"Quite so. He knows why young turkeys are hard to raise in the fall?"

She bent upon him a radiant smile of the utmost good humor.

"Score one for the unknown knight," she bantered. "That is more than we know. And turkey was sixty cents a pound last Thanksgiving! Curious information from our view-point, perhaps, but profitable."

He chuckled over his salad.

"You're hopelessly won to the opposition," he declared. "Leave your check for me, and I'll pay it. And if your unknown knight returns to the observation-car, ask him about those confounded turkeys."


But the unknown knight had not returned to the observation-car until the long train was sliding into Sespe, and Kay had no time to satisfy her thirst for information anent young turkeys. With unexpected garrulity, he had introduced himself; with the receipt of this information, she had been rendered speechless, first with surprise, and then with distress as her alert mind swiftly encompassed the pitiful awakening that was coming to this joyous home-comer. Before she could master her emotions, he was disappearing over the brass rail at the end of the observation-car; even as he waved her a debonair farewell, she caught the look of surprise and puzzlement in his black eyes. Wherefore, she knew the quick tears had betrayed her.

"Oh, you poor fellow!" she whispered to herself, as she dabbed at her eyes with a wisp of a lace handkerchief. "What a tragedy!"

What a tragedy, indeed!

She had never been in the San Gregorio, and to-day was to mark her first visit to the Rancho Palomar, although her father and mother and the servants had been occupying the Farrel hacienda for the past two months. Of the beauty of that valley, of the charm of that ancient seat, she had heard much from her parents; if they could be so enthusiastic about it in two short months, how tremendously attached to it must be this cheerful Don Mike, who had been born and raised there, who was familiar with every foot of it, and doubtless cherished every tradition connected with it. He had imagination, and in imaginative people wounds drive deep and are hard to heal; he loved this land of his, not with the passive loyalty of the average American citizen, but with the strange, passionate intensity of the native Californian for his state. She had met many Californians, and, in this one particular, they had all been alike. No matter how far they had wandered from the Golden West, no matter how long or how pleasant had been their exile, they yearned, with a great yearning, for that intangible something that all Californians feel but can never explain—which is found nowhere save in this land of romance and plenty, of hearty good will, of life lived without too great effort, and wherein the desire to play gives birth to that large and kindly tolerance that is the unfailing sweetener of all human association.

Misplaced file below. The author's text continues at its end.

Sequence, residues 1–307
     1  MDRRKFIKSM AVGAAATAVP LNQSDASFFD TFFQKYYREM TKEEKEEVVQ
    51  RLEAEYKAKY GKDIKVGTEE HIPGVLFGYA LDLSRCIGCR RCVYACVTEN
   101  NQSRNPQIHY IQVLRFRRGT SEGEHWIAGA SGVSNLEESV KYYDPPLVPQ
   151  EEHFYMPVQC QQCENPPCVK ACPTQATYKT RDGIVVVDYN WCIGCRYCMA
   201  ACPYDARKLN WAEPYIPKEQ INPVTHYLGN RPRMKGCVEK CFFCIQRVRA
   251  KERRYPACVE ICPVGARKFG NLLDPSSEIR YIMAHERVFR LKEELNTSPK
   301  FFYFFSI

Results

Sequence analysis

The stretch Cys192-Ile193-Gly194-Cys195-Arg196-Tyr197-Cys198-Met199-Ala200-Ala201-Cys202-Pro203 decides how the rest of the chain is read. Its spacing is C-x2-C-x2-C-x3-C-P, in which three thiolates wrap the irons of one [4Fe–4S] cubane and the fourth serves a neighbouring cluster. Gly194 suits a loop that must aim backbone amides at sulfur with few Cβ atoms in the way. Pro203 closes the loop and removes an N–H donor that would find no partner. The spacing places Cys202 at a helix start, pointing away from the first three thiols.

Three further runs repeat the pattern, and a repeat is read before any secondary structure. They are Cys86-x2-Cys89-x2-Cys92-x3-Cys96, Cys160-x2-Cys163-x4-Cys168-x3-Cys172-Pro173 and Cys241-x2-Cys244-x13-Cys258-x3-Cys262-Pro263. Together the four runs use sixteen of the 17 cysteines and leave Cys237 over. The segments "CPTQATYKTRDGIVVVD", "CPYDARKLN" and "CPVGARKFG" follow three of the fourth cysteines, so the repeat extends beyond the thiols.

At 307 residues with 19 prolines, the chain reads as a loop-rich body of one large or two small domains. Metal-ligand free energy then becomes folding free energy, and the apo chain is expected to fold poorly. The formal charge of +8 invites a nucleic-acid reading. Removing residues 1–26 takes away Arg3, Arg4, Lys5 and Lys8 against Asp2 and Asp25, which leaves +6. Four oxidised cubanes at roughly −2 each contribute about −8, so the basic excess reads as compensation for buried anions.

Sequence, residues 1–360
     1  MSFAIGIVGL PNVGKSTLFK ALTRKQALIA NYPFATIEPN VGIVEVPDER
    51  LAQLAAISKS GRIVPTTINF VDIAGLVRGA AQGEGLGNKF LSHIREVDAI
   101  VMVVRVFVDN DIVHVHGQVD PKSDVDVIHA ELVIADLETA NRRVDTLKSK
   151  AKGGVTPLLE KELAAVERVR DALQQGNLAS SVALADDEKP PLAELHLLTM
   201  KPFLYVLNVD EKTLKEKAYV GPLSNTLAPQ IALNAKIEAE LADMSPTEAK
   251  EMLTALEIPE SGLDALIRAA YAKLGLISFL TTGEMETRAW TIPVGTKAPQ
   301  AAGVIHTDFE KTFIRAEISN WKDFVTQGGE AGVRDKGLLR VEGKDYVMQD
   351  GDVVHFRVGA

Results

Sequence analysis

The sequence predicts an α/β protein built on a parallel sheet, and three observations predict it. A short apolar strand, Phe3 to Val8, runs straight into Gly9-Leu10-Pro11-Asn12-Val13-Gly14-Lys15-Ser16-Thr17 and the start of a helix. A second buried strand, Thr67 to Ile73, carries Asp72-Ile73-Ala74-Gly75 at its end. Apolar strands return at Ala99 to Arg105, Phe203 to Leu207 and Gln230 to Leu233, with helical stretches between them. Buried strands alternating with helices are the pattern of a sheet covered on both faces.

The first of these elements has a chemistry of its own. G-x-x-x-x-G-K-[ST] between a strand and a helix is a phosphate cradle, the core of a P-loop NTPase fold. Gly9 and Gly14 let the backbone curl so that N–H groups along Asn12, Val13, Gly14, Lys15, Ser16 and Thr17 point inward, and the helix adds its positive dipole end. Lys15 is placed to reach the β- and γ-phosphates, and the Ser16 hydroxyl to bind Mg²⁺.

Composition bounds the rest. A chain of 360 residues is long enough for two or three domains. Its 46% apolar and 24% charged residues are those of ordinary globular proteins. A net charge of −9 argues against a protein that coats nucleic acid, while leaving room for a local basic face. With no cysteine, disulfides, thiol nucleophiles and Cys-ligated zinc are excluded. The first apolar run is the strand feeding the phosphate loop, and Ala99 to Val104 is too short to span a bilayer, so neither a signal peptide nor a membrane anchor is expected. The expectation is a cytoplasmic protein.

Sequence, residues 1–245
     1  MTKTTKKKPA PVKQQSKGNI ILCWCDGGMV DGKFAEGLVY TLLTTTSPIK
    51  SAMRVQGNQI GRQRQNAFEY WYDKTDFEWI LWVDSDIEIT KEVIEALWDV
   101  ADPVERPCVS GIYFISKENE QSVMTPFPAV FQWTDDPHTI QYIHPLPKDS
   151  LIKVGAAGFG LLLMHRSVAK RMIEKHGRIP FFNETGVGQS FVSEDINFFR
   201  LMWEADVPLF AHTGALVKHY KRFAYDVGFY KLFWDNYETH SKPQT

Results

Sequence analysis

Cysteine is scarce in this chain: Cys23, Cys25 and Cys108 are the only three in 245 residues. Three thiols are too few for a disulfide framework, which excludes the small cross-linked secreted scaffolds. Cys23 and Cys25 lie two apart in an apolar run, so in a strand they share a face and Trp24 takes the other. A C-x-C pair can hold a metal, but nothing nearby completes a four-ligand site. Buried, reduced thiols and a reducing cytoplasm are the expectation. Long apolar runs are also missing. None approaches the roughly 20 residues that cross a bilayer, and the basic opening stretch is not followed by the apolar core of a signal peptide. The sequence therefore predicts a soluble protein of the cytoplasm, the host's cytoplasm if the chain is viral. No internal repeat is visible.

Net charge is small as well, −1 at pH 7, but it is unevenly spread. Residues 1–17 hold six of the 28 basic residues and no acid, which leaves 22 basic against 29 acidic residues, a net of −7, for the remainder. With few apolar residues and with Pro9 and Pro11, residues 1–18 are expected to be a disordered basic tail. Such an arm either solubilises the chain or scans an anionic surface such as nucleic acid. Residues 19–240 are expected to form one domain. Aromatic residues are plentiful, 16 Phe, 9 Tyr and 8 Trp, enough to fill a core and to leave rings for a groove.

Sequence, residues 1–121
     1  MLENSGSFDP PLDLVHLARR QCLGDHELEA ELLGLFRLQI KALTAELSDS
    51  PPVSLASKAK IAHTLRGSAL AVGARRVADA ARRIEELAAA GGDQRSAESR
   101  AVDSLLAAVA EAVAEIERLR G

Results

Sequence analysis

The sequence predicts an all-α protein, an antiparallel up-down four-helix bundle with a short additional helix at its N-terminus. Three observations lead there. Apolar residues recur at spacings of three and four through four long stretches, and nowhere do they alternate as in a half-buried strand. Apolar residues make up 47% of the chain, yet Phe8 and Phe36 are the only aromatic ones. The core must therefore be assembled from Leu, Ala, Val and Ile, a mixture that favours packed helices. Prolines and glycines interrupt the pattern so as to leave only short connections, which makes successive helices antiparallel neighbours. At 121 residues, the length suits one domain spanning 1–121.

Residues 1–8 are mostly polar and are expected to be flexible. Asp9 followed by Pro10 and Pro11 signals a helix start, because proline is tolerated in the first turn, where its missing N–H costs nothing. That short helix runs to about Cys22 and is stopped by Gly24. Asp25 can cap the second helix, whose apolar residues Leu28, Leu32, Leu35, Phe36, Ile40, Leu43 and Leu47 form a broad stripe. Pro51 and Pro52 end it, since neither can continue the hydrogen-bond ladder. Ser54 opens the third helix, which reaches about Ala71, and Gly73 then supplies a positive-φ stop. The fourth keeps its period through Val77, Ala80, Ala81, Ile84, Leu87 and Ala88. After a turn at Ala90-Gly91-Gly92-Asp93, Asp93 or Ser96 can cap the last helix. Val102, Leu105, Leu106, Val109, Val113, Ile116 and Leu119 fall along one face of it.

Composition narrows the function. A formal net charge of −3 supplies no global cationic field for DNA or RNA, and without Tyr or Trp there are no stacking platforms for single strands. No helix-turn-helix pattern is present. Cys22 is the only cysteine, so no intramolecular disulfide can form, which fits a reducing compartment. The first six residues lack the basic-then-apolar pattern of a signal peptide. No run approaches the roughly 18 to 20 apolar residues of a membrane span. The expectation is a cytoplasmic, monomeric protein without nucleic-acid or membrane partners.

And Don Mike was hurrying home to a grave in the valley, to a home no longer his, to the shock of finding strangers ensconced in the seat of his prideful ancestors, to the prospect of seeing the rich acres that should have been his giving sustenance to an alien race, while he must turn to a brutal world for his daily bread earned by the sweat of his brow.

Curiously enough, in that moment, without having given very much thought to the subject, she decided that she must help him bear it. In a vague way, she felt that she must see him and talk with him before he should come in contact with her father and mother. She wanted to explain matters, hoping that he would understand that she, at least, was one of the interlopers who were not hostile to him.

For she did, indeed, feel like an interloper now. But, at the same time, she realized, despite her small knowledge of the law, that, until the expiration of the redemption period, the equity of Don Mike in the property was unassailable. With that unpleasant sense of having intruded came the realization that to-night the Parker family would occupy the position of uninvited and unwelcome guests. It was not a comfortable thought.